Superintendents Delay Release of Education Data

Superintendents Delay Release of Education Data

Save Story

Estimated read time: 2-3 minutes

This archived news story is available only for your personal, non-commercial use. Information in the story may be outdated or superseded by additional information. Reading or replaying the story in its archived form does not constitute a republication of the story.

SALT LAKE CITY (AP) -- School superintendents pushed back the release of a list showing which schools missed academic-growth targets because of a data-collection problem.

School leaders on Monday voted to ask the State Office of Education to go back and gather more complete data on special-education test scores used in the upcoming No Child Left Behind reports.

That will delay the release, originally set for Dec. 8, until possibly as long as Dec. 22.

No Child Left Behind requires states to bring all students up to grade level in reading and math by 2013-14.

In the meantime, states and schools must demonstrate progress toward that goal through annual improvements on standardized tests for students in grades three through eight and for one grade in high school.

However, officials worry that the measuring stick -- scores from 2002 -- are incomplete.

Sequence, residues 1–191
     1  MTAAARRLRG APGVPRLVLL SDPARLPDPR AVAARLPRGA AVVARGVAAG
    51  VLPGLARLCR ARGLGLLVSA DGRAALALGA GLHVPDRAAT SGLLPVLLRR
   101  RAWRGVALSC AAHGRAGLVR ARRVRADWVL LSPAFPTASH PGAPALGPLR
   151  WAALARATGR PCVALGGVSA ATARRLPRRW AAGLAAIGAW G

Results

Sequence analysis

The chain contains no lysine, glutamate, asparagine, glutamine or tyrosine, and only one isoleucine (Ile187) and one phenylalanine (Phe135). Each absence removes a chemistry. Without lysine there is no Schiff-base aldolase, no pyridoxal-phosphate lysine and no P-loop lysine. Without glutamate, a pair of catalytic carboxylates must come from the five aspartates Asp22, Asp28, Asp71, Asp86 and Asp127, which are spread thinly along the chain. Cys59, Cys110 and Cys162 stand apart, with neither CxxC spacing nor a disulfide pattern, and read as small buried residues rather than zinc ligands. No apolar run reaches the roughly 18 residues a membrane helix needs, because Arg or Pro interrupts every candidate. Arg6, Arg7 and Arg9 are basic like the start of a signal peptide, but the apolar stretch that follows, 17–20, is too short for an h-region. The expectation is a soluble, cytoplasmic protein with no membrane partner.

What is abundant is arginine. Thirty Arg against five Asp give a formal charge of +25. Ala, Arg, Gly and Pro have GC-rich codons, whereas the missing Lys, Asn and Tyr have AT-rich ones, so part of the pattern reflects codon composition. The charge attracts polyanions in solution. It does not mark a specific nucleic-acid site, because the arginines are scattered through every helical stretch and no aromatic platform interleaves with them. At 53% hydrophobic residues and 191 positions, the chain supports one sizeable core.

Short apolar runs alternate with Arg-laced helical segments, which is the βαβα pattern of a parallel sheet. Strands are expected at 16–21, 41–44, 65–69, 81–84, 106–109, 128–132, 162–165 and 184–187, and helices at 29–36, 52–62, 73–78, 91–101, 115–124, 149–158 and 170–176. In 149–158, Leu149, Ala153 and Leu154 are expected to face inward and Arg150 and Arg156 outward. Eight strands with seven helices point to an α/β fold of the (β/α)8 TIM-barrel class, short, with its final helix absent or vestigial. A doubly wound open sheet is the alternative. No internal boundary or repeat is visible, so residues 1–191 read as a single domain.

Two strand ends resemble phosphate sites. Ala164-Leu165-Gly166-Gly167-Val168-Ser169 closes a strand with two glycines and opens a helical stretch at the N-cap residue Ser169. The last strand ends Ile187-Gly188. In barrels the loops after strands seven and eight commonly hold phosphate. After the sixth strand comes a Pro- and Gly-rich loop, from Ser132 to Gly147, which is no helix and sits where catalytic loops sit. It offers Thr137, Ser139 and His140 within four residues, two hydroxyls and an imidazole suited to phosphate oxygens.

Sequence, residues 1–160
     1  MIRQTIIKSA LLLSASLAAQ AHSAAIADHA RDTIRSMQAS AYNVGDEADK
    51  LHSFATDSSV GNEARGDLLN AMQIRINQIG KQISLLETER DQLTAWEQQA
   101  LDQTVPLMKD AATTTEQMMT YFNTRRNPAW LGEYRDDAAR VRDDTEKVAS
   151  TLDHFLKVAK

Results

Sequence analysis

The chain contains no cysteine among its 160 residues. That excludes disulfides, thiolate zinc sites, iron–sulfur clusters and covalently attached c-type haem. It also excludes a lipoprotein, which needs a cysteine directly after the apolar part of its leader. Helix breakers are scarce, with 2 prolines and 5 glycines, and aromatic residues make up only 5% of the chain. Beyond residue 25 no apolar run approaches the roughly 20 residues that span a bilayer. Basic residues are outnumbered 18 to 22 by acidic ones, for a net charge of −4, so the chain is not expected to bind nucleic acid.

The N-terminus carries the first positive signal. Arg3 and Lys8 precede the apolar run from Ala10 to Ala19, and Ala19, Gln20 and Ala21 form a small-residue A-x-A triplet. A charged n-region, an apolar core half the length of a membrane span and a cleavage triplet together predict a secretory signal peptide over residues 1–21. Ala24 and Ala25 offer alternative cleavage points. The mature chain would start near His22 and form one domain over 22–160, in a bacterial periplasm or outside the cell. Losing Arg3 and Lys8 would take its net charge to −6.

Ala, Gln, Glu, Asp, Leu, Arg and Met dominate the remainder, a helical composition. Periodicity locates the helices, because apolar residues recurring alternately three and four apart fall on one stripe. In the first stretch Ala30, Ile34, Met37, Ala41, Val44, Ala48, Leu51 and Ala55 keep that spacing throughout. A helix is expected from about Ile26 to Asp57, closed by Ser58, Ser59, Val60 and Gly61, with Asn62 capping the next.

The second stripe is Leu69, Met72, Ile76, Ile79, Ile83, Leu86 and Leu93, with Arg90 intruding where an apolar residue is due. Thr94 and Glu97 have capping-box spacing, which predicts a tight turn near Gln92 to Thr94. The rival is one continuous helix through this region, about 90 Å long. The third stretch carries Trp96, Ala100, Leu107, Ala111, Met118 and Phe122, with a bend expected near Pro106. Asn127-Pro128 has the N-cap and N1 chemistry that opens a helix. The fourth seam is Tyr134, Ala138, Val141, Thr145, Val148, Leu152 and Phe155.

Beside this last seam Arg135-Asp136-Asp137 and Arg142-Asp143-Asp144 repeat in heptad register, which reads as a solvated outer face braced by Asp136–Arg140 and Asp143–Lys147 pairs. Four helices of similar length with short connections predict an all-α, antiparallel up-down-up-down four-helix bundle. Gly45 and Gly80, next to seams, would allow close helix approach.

In 2002, special education students could take the test that best represented their ability level, even if the test was several grade levels below their age.

But in 2003, the law required all students to be tested at their grade level.

The state's initial calculation of 2002 data -- the baseline for future measurements -- did not include the scores of special education students who were not tested on grade levels.

That could set an artificially high 2002 baseline that many schools could not improve on this year, said Louise Moulding, the state Office of Education's director for evaluation and assessment.

The delay is to allow officials to find the 2002 data to provide a more realistic measuring stick.

The superintendents also postponed a vote on whether to fix a second data problem involving participation rates of students who took last spring's standardized tests.

The problem stemmed from difference in how districts recorded absences during the test. Some students were marked as absent or excused when they were present but just didn't finish the test.

School districts will decide next week whether to leave alone numbers on how many kids took tests, as the state recommends, or have each district go back and fix errors on its own.

(Copyright 2003 by The Associated Press. All Rights Reserved.)

Most recent Utah stories

Related topics



Get informative articles and interesting stories delivered to your inbox weekly. Subscribe to the Trending 5.
By subscribing, you acknowledge and agree to's Terms of Use and Privacy Policy.

KSL Weather Forecast